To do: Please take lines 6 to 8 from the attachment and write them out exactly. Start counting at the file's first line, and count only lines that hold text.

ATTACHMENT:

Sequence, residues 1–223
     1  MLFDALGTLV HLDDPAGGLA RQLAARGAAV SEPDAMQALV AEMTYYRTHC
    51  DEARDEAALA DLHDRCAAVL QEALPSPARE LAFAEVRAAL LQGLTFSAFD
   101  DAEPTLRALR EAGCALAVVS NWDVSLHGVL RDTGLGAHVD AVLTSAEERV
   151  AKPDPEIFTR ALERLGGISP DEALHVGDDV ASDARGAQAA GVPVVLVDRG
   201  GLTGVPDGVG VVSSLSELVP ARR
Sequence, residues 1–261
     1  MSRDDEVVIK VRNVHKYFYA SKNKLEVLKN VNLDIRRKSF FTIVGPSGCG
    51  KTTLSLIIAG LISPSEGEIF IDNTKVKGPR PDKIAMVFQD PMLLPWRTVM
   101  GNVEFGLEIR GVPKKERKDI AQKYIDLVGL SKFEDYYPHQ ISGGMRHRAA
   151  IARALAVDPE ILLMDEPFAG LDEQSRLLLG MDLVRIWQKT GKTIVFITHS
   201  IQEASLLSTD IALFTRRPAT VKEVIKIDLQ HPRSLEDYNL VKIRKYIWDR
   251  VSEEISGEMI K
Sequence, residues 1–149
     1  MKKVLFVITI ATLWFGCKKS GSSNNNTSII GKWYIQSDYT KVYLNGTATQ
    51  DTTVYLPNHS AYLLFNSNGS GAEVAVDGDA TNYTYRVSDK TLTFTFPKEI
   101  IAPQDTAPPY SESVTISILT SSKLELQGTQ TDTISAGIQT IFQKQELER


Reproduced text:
   201  GLTGVPDGVG VVSSLSELVP ARR
Sequence, residues 1–261
     1  MSRDDEVVIK VRNVHKYFYA SKNKLEVLKN VNLDIRRKSF FTIVGPSGCG